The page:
K.M. MATHEW showed an unusual commitment to modernisation and professionalism.
IT all seems so obvious today: a regional Indian language newspaper cannot survive without a reliable press, quality printing and production and fast communication and distribution networks; excellence in content, design and production and professionalism in the editorial, marketing and circulation departments are as important to its growth as they are for the well-established English newspapers in the country; in order to compete well, it needs to build a loyal, dedicated and committed team of journalists and executives and upgrade in-house skills regularly; it is crucial for it to provide local news and connect with the local community in other ways too; on-the-spot reporting, human interest stories, regional obituary columns, localised special supplements and classified advertisements are as essential to its progress as international and national news, features and advertising; and, yes, it must make a profit, “if the bills are to be paid” and it is to survive.
But, in 1954, when K.M. Mathew became a key player in running Malayala Manorama, the Malayalam newspaper his grand uncle Kandathil Varghese Mappillai established in 1888, such apparent factors were not so well-understood. Manorama was then hardly a modern newspaper. It had only a handful of employees, a single edition in the small, central Kerala town of Kottayam, an outdated printing press, rudimentary arrangements for news gathering, communication, marketing and distribution, and a circulation of 28,666 copies.
Mathew, his seven brothers and a sister were still under the shock of the death of their illustrious father, K.C. Mammen Mappillai, the patriarch and chief editor of the newspaper, who had incurred the wrath of the then Dewan of Travancore, C.P. Ramaswami Aiyer, for his firm editorial stand in support of the growing nationalist movement then in the princely state of Travancore. The Dewan, who wanted an independent Travancore that was not part of a free India, found a defiant Mammen Mappillai and his newspaper a political hindrance and sought ruination of the family, revoking the newspaper's licence and closing down its press, and spreading mischievous rumours of an imminent financial crisis in the family's successful banking business. Soon liquidation proceedings were started against the Travancore National and Quilon Bank. Mammen Mappillai was subsequently arrested and incarcerated for over two years. In the face of growing difficulties, the Guardian of India Insurance company, another thriving family concern, had to be sold off.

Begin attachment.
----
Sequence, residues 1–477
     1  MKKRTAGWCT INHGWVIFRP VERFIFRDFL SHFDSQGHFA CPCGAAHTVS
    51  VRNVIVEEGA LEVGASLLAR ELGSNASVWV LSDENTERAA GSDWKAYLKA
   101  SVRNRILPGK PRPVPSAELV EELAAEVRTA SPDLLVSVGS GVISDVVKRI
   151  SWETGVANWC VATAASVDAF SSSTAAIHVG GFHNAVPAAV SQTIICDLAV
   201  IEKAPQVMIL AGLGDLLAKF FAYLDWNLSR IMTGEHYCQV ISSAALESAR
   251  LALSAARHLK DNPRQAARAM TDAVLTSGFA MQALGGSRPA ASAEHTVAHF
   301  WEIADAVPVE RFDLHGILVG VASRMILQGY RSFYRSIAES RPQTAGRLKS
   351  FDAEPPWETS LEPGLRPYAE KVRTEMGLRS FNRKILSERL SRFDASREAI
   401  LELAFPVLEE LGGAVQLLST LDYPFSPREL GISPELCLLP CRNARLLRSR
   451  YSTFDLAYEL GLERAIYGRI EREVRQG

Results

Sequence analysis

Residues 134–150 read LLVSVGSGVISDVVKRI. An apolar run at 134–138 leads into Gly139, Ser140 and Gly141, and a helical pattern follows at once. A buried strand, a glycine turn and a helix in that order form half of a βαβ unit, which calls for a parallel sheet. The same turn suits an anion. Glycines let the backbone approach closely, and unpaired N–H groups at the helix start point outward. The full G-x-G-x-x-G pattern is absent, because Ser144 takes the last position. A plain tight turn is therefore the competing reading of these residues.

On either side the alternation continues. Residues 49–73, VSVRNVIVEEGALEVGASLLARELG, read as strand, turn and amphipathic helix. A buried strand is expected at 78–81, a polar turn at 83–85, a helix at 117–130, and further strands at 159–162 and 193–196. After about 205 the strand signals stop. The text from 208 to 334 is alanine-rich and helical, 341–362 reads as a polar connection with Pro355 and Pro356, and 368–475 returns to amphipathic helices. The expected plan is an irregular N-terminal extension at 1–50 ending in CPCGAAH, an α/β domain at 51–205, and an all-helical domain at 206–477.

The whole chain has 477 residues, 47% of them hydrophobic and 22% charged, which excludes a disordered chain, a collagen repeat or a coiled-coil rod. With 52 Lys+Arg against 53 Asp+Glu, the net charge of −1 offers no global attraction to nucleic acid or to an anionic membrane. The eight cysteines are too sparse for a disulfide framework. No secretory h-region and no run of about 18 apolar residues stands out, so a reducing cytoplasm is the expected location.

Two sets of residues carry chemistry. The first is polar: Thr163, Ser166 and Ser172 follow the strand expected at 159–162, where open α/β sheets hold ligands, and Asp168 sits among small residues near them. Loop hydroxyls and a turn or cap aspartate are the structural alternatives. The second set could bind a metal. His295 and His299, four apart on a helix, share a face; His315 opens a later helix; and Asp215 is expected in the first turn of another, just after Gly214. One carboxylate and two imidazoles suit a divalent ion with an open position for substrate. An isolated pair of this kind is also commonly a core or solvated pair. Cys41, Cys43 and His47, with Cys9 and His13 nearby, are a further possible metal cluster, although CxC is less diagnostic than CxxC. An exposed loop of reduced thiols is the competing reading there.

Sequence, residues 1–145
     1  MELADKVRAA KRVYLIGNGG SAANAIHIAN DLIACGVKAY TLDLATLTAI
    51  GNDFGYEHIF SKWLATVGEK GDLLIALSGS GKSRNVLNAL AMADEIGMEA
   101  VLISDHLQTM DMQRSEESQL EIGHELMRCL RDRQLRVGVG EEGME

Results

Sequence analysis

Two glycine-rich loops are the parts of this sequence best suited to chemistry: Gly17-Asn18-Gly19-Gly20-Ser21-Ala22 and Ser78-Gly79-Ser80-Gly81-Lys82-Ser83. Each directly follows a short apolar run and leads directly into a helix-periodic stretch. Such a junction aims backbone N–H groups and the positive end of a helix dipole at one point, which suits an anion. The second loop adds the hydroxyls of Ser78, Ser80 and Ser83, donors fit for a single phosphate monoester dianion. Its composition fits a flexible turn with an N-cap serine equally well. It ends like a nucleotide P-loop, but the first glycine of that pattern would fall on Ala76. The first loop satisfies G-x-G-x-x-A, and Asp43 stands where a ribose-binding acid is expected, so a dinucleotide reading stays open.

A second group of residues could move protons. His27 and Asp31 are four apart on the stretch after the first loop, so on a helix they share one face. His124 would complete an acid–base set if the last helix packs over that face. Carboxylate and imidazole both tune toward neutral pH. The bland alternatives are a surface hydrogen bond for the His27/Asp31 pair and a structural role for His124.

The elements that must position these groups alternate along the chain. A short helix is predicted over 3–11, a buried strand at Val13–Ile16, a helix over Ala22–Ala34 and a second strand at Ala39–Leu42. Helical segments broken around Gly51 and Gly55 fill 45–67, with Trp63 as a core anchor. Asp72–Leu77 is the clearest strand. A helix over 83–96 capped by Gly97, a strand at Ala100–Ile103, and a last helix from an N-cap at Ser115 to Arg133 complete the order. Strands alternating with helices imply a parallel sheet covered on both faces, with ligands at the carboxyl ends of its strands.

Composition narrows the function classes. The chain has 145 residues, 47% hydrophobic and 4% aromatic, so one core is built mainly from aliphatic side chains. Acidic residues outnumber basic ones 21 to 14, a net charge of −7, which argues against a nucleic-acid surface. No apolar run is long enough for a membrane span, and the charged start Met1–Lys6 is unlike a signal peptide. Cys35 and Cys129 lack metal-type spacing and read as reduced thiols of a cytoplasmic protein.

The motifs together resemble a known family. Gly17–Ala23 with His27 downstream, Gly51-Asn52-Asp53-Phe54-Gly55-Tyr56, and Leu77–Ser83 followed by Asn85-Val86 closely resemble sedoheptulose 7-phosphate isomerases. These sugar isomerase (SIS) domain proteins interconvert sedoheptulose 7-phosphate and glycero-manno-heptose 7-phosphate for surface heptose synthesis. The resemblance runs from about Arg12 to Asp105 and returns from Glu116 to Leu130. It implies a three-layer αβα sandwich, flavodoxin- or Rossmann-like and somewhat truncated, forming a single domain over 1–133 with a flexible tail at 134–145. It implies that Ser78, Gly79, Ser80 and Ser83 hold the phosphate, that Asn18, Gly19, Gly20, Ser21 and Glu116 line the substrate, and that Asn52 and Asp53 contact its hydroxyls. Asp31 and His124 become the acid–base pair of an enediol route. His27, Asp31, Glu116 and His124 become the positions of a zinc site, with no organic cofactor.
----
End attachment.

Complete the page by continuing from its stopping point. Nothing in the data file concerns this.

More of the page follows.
It was a bitter and trying period for the young Mathew, then 21 and just out of Madras Christian College with a degree in economics, and his siblings. With their father in jail, their family discredited by false charges and facing increasing isolation from society and financial ruin, they had to survive on other fledgling business ventures such as a toy balloon factory in Madras (which later evolved as the tyre-maker, the Madras Rubber Factory, or MRF) and some tea and coffee plantations.